- 20 Feb - 26 Feb, 2021
HERBS & HERBAL MEDICINE
- 23 May - 29 May, 2020
- health & nutrition
For centuries, cultures around the world have relied on traditional herbal medicine to meet their healthcare needs. Despite medical and technological advancements of the modern era, the global demand for herbal remedies is on the rise. Some natural remedies may be more affordable and accessible than conventional medicines, and many people prefer using them because they align with their personal health ideologies.
What is herbal medicine?
Herbal medicine involves the use of natural and biologically based practices, interventions, and products to treat a variety of physical or emotional conditions. The World Health Organisation estimates that 80 per cent of the world’s population, or about four billion people, currently use herbal medicine for some of their health care.
Benefits and medicinal uses of specific herbs
Many herbal preparations may have benefits. Others may have no obvious or proven benefit, and some, in fact, can be harmful. For most of the over-the-counter herbs you can buy, there is probably little risk of having a bad reaction if you follow the directions.
Here are seven of the world’s most popular herbal medicines, including their main benefits, and medicinal uses.
• Echinacea – to stimulate the immune system and aid the body in fighting infections. Used to treat ailments such as boils, fever and herpes.
• Dong quai (dang gui) – used for gynaecological complaints. Some studies indicate that dong quai can lower blood pressure.
• Garlic – used to reduce the risk of heart disease by lowering levels of blood fats and cholesterol (a type of blood fat). The antibiotic and antiviral properties of garlic mean that it is also used to fight colds, sinusitis and other respiratory infections.
• Ginger – many studies have shown ginger to be useful in treating nausea, including motion sickness and morning sickness.
• Ginkgo biloba – commonly used to treat poor blood circulation and tinnitus (ringing in the ears).
• Ginseng – generally used to treat fatigue, for example during recovery from illness. Also used to reduce blood pressure and cholesterol levels, however overuse of ginseng has been associated with raised blood pressure.
• Hypericum – commonly known as St John’s wort. Studies have suggested that St John’s wort is just as effective as some pharmaceutical antidepressants in treating mild to moderate depression. It is also used for anxiety and insomnia. However, St John’s wort can interact with a number of prescription medications, and stop them from working properly.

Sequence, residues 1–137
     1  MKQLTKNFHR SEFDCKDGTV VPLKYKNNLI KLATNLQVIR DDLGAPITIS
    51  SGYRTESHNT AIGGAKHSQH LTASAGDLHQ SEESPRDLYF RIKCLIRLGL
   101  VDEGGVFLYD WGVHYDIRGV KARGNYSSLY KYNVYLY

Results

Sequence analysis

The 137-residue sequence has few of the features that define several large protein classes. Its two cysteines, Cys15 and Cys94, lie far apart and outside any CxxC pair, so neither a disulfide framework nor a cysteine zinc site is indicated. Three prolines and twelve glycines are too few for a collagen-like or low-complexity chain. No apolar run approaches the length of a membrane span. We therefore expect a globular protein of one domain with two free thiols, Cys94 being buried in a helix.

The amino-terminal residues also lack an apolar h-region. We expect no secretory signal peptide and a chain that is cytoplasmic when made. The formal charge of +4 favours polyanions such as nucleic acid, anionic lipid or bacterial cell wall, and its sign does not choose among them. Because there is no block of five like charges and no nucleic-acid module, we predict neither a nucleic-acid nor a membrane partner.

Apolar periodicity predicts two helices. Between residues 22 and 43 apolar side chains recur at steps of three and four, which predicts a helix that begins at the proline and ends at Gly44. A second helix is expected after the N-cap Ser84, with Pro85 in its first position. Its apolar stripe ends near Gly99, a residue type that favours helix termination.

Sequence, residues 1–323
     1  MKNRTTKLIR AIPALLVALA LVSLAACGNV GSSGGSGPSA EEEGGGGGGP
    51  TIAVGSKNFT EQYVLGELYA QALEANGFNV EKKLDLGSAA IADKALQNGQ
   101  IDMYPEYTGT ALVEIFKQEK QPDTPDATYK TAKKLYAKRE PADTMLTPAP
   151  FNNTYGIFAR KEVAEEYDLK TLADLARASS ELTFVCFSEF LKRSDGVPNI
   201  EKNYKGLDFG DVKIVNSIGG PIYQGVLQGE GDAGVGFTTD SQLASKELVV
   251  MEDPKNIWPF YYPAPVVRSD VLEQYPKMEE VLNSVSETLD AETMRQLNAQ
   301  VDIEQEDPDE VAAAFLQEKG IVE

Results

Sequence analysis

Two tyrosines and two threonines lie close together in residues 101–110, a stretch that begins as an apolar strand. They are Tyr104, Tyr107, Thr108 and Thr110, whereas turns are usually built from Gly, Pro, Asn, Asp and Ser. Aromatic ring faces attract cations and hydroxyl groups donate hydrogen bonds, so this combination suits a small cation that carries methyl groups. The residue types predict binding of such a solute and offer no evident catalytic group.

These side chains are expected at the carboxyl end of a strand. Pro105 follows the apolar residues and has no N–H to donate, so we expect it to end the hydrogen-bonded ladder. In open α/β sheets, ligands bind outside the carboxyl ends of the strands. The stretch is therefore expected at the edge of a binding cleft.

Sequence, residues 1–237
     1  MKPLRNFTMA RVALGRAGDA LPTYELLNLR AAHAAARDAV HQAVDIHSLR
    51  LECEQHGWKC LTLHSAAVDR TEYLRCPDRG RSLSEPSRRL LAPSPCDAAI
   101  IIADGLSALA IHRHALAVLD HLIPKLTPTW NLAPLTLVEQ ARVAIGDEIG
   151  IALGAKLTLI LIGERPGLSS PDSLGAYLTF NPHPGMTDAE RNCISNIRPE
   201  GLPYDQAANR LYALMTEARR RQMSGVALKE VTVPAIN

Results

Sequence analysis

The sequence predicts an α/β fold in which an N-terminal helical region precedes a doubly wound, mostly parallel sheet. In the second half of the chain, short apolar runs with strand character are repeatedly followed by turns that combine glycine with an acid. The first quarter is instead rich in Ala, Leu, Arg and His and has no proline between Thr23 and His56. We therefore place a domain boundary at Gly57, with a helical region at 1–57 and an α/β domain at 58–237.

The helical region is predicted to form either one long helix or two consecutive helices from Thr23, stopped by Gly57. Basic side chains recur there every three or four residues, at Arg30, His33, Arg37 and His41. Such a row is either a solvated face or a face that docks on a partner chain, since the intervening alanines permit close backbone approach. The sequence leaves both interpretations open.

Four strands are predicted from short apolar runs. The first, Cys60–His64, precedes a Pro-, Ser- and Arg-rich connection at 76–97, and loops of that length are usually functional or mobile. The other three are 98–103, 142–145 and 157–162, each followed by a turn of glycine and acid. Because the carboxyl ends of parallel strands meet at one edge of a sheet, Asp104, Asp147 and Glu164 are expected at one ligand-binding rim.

Anything that can improve health or do the body good also has the potential to do harm. Just because something is 'natural' doesn't mean it's better for you. It doesn’t mean that it's always safe.
There are no regulations or standards for preparing or packaging of herbal medicines, so their dosages and strengths may not be consistent. Just because one brand of St. John's wort seems to have an effect for you does not mean the next bottle will have the same effect.
There can be problems and unwanted reactions when herbal medications and high dose vitamins are combined with prescription medicines – something that most people do. The majority of these people rarely bother to tell their health care providers that they use supplements. Always let your doctor and other health care providers know what herbs you are taking, especially if they are going to be prescribing a new drug for you.
Certain herbs can also complicate existing conditions or problems, such as inflammation, allergies, pregnancy, or nursing. Some herbs – St. John's wort for example – can make you more sensitive to the sun. In other words, with herbal preparations as well as for prescription medications, you need to be aware of possible adverse reactions. More importantly, some herbs on the market are found to be not recommended for human consumption. And as always, be safe and tell your prescribing physicians and other health care providers about all the herbal and vitamin supplements you are taking.
Because the herbal industry is growing rapidly, there may be many irresponsible manufacturers looking to make a quick buck. Check with a qualified herbal practitioner to find out quality ratings for a manufacturer before you buy a product.
Although, herbal medicines do cure some illnesses and diseases but you should always think before you leap. If you choose to use herbal supplements, do your homework. Be aware of the potential risks. If you have doubts about the safety or wisdom of using a particular herbal supplement, seek qualified advice.
- 13 Feb - 19 Feb, 2021
- 06 Feb - 12 Feb, 2021
- 06 Feb - 12 Feb, 2021
- 30 Jan - 05 Feb, 2021
- 23 Jan - 29 Jan, 2021
- 16 Jan - 22 Jan, 2021
- 09 Jan - 15 Jan, 2021
- 02 Jan - 08 Jan, 2021